Lieutenant-General greets 150 new Canadians at a special ceremony

Lieutenant-General Charles Lamarre, Commander of Military Personnel Command, welcomed 150 new Canadians during a Citizenship Ceremony held at the Canadian Tire Centre in Ottawa. The ceremony was organized by Immigration, Refugees and Citizenship Canada in conjunction with the Ottawa Senators. Ken Dryden was the presiding official.
Lieutenant-General Charles Lamarre, Commander of Military Personnel Command, welcomed 150 new Canadians during a Citizenship Ceremony held at the Canadian Tire Centre in Ottawa. The ceremony was organized by Immigration, Refugees and Citizenship Canada in conjunction with the Ottawa Senators. Ken Dryden was the presiding official.

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By Lieutenant-Commander Desmond James, Personnel and Legal Services Public Affairs

“This was a great event,” said Lieutenant-General Chuck Lamarre, Commander of Military Personnel (CMP) Command, after taking part in a very special citizenship ceremony at the Canadian Tire Centre, home of the Ottawa Senators hockey team. “You could see and feel the excitement of these new Canadians as they went through the ceremony, swore allegiance to the Queen and received their citizenship scrolls. And the opportunity to serve Canada in uniform or in other capacities resonated with them.”

The special ceremony, organized by Immigration, Refugees and Citizenship Canada (IRCC) and sponsored by the Ottawa Senators, took place just days before Canada’s 150 birthday and in a venue synonymous with Canada: a hockey rink.

Ken Dryden, former Member of Parliament and Stanley Cup winning goaltender for the Montréal Canadiens presided over the ceremony and remarked about the diversity of the crowd in front of him. “You represent more than 50 countries around the world,” he said. He then took the opportunity to do something different instead of the normal group photo, he and the other guests joined the crowd for a Stanley Cup photo, with children sprawled out like hockey goaltenders and the crowd yelling out “Oh Canada.”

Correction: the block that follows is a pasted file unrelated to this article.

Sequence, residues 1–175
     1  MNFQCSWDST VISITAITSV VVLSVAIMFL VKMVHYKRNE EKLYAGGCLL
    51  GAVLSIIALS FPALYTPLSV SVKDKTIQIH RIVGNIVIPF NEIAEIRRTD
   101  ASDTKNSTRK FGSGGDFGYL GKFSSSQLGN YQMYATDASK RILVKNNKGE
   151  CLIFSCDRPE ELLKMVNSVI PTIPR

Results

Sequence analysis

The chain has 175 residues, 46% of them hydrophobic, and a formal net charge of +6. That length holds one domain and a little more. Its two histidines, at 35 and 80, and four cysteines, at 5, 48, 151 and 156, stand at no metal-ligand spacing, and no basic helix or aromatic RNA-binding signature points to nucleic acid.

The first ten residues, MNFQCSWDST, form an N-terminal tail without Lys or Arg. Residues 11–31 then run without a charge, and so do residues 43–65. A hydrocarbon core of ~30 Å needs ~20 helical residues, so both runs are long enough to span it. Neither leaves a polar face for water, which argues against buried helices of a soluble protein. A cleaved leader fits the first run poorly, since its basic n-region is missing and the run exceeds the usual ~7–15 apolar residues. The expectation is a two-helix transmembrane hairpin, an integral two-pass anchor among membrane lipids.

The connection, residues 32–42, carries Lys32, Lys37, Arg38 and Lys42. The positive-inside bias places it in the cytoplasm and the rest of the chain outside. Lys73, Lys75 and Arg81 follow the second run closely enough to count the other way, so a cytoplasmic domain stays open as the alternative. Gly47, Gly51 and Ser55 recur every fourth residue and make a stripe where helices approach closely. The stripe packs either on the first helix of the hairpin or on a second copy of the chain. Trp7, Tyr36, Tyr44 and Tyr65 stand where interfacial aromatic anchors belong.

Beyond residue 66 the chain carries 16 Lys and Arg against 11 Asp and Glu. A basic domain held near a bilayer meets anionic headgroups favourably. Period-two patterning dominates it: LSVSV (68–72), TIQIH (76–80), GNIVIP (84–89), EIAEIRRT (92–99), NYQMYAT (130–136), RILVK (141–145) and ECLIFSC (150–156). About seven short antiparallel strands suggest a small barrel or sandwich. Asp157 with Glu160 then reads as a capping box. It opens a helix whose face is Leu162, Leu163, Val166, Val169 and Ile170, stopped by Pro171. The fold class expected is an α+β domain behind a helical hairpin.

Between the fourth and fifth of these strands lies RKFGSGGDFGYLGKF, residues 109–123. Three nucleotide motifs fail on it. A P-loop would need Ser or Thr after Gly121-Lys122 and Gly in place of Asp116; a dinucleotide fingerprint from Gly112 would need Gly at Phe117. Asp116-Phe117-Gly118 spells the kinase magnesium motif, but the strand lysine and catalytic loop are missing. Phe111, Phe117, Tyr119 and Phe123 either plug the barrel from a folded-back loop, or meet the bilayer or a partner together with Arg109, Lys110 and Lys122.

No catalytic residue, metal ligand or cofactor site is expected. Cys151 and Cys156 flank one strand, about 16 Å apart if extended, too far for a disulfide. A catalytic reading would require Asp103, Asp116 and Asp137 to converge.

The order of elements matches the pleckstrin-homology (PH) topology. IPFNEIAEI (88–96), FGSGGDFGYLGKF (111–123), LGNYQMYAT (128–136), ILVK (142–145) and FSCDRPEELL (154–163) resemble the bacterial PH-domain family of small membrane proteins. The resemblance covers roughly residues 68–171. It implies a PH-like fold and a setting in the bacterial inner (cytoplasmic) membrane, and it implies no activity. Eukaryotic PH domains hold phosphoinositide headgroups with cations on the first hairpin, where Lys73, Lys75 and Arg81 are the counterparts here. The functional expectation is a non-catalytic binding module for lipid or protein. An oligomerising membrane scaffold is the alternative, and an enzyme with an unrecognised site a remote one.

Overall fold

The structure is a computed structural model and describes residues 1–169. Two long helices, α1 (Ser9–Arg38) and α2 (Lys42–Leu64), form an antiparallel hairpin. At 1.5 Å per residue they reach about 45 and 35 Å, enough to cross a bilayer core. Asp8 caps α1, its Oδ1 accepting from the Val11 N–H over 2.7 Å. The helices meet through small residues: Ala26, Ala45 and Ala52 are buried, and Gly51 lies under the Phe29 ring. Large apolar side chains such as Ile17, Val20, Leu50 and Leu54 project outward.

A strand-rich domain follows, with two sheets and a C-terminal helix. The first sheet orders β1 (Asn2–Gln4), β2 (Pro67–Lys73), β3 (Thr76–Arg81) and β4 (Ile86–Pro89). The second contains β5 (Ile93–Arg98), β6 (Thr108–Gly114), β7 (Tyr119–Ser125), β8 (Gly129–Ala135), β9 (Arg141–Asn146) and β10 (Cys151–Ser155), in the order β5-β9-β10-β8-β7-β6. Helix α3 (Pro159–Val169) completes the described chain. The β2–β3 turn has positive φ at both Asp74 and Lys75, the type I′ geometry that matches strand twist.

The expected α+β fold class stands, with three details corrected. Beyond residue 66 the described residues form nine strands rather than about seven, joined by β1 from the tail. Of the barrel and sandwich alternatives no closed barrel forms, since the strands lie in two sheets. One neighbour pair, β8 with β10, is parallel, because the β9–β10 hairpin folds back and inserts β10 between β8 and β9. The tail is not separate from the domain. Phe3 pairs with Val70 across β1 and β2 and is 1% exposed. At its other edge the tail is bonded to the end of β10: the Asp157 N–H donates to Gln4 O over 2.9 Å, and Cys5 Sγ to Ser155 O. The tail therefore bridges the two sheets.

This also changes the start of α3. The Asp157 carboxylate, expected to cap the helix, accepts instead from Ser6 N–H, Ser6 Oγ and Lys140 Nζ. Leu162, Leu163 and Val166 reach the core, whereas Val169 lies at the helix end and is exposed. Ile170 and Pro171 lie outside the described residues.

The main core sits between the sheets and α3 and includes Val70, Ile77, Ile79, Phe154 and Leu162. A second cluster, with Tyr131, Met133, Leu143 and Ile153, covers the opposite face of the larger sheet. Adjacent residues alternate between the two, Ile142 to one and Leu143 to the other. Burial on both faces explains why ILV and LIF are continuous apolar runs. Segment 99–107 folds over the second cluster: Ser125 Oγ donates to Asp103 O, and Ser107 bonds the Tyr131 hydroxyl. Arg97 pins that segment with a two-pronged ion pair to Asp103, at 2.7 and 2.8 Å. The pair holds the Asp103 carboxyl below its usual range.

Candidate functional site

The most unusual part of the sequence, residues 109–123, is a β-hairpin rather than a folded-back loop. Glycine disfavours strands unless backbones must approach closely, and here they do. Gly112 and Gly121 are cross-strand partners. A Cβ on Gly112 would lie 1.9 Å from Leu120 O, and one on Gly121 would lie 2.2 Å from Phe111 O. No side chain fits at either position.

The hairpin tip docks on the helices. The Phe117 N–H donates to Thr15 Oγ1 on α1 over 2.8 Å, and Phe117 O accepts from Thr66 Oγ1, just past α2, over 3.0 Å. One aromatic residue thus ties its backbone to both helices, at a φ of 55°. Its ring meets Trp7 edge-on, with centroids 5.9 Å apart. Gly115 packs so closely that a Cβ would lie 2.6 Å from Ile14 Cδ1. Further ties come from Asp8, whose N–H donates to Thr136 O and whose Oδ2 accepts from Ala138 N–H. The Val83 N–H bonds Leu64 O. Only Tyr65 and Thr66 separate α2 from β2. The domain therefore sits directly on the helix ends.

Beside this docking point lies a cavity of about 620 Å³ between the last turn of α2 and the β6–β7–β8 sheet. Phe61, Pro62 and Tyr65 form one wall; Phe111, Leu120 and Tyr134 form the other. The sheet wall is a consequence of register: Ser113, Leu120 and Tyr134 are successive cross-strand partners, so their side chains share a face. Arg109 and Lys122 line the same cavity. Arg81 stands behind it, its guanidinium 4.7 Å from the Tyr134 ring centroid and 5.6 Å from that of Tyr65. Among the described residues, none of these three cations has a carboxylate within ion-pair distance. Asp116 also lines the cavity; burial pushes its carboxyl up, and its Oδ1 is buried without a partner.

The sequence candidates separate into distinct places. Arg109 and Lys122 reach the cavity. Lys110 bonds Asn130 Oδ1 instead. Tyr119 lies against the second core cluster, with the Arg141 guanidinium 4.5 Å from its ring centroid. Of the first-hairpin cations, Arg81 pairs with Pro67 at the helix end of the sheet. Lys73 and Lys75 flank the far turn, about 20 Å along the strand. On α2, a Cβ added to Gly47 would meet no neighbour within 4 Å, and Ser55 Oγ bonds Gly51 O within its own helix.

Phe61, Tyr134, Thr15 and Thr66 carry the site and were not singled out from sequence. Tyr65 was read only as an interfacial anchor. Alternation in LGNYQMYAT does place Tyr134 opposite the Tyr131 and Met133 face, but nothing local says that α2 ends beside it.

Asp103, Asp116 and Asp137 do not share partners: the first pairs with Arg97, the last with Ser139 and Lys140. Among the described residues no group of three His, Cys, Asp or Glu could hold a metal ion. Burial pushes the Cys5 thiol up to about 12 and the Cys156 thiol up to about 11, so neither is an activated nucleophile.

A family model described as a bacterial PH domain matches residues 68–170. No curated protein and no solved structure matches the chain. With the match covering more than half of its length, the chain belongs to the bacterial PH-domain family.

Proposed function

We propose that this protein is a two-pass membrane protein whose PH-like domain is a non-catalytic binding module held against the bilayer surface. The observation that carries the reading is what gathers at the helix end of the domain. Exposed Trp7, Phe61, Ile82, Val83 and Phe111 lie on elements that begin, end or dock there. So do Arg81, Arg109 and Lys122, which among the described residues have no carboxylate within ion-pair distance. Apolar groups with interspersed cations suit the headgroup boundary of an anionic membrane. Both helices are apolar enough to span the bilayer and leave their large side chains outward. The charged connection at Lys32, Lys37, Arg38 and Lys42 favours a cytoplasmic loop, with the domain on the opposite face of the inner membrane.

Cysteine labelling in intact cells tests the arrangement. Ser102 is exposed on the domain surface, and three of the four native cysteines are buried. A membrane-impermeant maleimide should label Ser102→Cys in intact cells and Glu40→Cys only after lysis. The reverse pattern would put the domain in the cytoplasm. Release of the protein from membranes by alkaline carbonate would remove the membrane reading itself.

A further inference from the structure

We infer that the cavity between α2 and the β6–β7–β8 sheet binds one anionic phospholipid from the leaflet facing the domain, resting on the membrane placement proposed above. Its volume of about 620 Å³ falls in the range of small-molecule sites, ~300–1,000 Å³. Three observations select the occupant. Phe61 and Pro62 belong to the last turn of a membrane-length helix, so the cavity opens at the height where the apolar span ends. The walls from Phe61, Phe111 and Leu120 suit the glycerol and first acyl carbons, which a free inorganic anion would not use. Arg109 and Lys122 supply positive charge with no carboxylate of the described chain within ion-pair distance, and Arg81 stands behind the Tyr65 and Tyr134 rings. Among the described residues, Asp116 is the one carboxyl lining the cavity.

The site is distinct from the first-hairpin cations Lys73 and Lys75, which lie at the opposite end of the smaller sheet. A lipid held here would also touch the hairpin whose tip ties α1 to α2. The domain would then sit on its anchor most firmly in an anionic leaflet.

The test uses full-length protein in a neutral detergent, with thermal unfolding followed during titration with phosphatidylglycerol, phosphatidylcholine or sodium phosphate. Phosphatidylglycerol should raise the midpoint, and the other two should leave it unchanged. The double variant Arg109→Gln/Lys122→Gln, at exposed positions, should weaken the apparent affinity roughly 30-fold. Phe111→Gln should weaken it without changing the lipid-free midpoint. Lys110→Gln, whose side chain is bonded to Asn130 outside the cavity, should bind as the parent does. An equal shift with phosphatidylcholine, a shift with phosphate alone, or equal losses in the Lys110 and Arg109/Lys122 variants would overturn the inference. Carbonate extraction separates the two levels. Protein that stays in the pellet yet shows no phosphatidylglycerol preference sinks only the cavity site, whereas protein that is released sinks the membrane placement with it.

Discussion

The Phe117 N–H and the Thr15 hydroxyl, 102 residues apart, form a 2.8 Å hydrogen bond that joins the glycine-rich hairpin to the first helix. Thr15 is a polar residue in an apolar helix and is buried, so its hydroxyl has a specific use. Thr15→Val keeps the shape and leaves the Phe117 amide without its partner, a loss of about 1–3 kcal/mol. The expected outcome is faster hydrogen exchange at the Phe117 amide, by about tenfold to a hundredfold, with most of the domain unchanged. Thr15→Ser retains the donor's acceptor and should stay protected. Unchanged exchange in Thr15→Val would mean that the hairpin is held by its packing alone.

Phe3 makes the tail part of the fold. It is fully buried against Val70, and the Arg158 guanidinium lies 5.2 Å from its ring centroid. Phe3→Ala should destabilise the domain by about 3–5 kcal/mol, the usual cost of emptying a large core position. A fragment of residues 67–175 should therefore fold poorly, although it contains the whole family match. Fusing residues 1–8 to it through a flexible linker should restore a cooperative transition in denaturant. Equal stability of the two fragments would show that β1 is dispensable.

For Tantley Razafindrabemanantsoa, a 20-year-old student who recently emigrated from Madagascar, this was a long day coming. “I’ve waited so long. This is great!” When asked what stood out for him today, he remarked on the high energy level. Already a volunteer in his community and a third-year mechanical engineering student at the University of Ottawa, Mr. Tantley sees the possibility of a career in the military, although he does not know yet what his immediate future holds for him.

His story was not unique and LGen Lamarre and CMP Chief Warrant Officer Chris Thibault, spoke with numerous people, many of whom asked directly about careers in the Canadian Armed Forces. Perhaps it was a reflection upon LGen Lamarre’s speech, which encouraged people to give back to the community and country in which they just became citizens, just days before the big celebrations in Ottawa.

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